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If politicians want to back ‘the will of the people’, they must now, after these results, back the Paris Agreement and the Climate Change Act, because a substantial majority of Britons support both
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New poll shows British voters want a government that cares about the environment - of course they do!

Joe Ware

26th May, 2017

UK politicians (aside from the Green Party) may not have the environment high on the agenda but the British public want to remain part of the Paris Agreement and care deeply about climate change according to a new poll released today. JOE WARE reports

The polls clearly show that concern for the environment and the transition to a low carbon economy is now mainstream - and rightly viewed as just plain common sense

As the leaders of the G7 meet in Italy this weekend and Donald Trump tries to work out whether he's going to pull his country out of the Paris Agreement or not, the latest new polling shows that the British public are firmly behind two vital pieces of climate change legislation.

Polling by YouGov, published today, (26th May, 2017) reveals that two thirds (66 per cent) of Brits say that the UK should remain part of the Paris Agreement and even more, 69 per cent, want Parliament to retain the UK's Climate Change Act - a pioneering piece of law-making which when it was passed in 2008 set the bar for others to follow.

This comes hot on the heels of research conducted by the think tank Bright Blue, which found that Conservative voters were in favour of strengthening or maintaining a number of EU standards on the environment post-Brexit.

Eighty-five per cent of Tory voters were in favour of renewable energy generation targets, 92 per cent wanted the targets on air pollution to be kept or increased while 93 per cent wanted protections for habitats and wildlife to be preserved.

The polls clearly show that concern for the environment and the transition to a low carbon economy is now mainstream and rightly viewed as plain common sense.  Why wouldn't we want more home grown, clean, renewable energy when it is now becoming cheaper than fossil fuels and when it is also a source of well paying, future-proof, high tech, jobs.

Richard Black, Director of the Energy & Climate Intelligence Unit who commissioned today's research says: "In the post-EU referendum context we're hearing a lot about the ‘will of the people' for Brexit - but interestingly, some of the individuals ploughing that furrow most strongly are also those calling for Britain to pull out of the Paris Agreement and scrap the Climate Change Act.

"But if you back ‘the will of the people', you must now, after these results, back the Paris Agreement and the Climate Change Act, because a substantial majority of Britons support both.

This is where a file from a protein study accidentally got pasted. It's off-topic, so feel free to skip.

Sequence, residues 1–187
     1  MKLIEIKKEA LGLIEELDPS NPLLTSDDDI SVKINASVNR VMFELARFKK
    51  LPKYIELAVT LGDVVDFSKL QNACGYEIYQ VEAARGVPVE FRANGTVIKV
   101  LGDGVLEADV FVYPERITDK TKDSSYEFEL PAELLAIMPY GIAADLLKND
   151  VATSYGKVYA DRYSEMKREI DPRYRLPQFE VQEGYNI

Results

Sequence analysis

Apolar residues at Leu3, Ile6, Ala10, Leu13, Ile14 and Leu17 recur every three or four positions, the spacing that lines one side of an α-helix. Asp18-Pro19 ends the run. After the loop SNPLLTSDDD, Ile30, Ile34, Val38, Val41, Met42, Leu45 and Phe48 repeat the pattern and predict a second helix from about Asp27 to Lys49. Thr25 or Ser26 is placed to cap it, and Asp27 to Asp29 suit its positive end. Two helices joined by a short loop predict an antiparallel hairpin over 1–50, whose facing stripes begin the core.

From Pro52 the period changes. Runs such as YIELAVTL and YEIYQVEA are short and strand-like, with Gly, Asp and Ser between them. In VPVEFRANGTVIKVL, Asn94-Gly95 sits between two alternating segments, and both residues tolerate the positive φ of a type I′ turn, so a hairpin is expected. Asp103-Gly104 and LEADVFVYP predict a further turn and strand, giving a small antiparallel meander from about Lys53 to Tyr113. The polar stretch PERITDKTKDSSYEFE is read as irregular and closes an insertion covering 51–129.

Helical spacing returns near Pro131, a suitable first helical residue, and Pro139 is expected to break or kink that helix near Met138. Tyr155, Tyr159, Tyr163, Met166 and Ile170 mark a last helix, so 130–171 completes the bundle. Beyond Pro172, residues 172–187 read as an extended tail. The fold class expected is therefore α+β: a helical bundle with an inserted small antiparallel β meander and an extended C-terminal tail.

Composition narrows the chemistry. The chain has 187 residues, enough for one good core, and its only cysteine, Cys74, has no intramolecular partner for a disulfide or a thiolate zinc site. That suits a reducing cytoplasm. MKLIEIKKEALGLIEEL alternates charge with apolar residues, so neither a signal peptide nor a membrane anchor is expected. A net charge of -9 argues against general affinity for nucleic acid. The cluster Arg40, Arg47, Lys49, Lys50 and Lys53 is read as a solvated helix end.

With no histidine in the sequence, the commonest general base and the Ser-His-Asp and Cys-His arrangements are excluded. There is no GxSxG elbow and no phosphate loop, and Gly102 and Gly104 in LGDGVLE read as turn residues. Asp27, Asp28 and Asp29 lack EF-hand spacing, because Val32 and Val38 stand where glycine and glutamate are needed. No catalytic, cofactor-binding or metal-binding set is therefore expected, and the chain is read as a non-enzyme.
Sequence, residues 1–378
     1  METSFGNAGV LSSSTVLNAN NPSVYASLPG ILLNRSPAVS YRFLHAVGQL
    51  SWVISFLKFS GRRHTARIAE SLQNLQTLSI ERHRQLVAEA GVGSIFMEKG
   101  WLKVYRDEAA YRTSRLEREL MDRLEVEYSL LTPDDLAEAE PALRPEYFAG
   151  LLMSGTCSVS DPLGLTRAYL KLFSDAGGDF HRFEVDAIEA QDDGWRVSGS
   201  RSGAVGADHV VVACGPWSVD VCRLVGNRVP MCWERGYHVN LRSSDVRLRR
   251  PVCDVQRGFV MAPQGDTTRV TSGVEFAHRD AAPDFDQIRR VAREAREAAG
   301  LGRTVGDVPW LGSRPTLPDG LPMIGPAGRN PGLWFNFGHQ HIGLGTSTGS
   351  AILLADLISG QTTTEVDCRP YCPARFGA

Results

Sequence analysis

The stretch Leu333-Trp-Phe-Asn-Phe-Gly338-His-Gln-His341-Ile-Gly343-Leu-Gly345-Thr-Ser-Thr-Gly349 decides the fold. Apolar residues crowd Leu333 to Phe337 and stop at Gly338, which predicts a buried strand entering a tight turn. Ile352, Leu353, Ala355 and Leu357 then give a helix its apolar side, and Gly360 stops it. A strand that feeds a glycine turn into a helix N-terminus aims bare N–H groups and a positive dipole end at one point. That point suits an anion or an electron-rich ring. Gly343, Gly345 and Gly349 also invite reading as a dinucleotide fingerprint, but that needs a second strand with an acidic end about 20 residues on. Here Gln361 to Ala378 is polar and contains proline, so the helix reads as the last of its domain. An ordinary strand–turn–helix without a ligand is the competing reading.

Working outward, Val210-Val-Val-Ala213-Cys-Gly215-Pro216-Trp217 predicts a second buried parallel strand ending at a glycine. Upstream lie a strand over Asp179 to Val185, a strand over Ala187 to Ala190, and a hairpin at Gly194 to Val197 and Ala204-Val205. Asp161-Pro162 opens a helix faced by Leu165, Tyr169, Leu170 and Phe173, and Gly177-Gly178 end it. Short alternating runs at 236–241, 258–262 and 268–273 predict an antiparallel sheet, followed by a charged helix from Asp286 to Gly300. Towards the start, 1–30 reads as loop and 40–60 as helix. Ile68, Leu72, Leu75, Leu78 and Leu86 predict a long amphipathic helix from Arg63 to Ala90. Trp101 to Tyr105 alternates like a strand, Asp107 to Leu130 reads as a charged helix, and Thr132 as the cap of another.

"Climate change is going to be centre-stage for the G7 summit this weekend, and one presumes that the Prime Minister will, when she discusses it with President Trump, be highlighting the recently-expressed will of both the British and American peoples to see climate change brought under control."

The wobbles from the White House over America's approach to climate change is actually forcing other nations to step into the leadership void left by President Obama. Just this week Canada's environment minister met with China's climate envoy and the EU's climate and energy commissioner to discuss how to maintain the momentum generated by the Paris Agreement.  

The irony is that Trump has spoken as if pulling out of the Paris Agreement would give his country some kind of advantage when actually the opposite is true. There are local environmental benefits from a cleaner energy system such as reduced air pollution and fewer leaky oil pipelines snaking across America's beautiful natural landscape. 

That energy supply will also be secure, being homegrown, and cheap. The US has an abundance of solar and wind, something a number of Republican-controlled states and cities have already began to capitalise on - were it its own country Texas would be the world's sixth largest producer of wind power.  

Should the US pull out it will also face a diplomatic backlash and global isolation as other nations express their disgust at Trump endangering the world's shared biosphere.  For the self-styled ‘deal maker' it will be much harder for him to get things done internationally if he tries to sabotage the climate efforts of the rest of the world.

Ultimately, climate legislation helps to drive innovation and business, pushing technological breakthroughs and helping to boost the growth of green jobs. Part of the reason for the UK's prominent clean tech sector is thanks to the Climate Change Act, which gave business and investors the signs they needed to invest. 

It's no wonder the British public backs it.  And further such signals from Government would no doubt be highly popular with the public from whoever wins the UK General Election on June 8.  

This Author

Joe Ware is a journalist and writer at Christian Aid and a New Voices contributor for the Ecologist. Follow him at @wareisjoe

 

 

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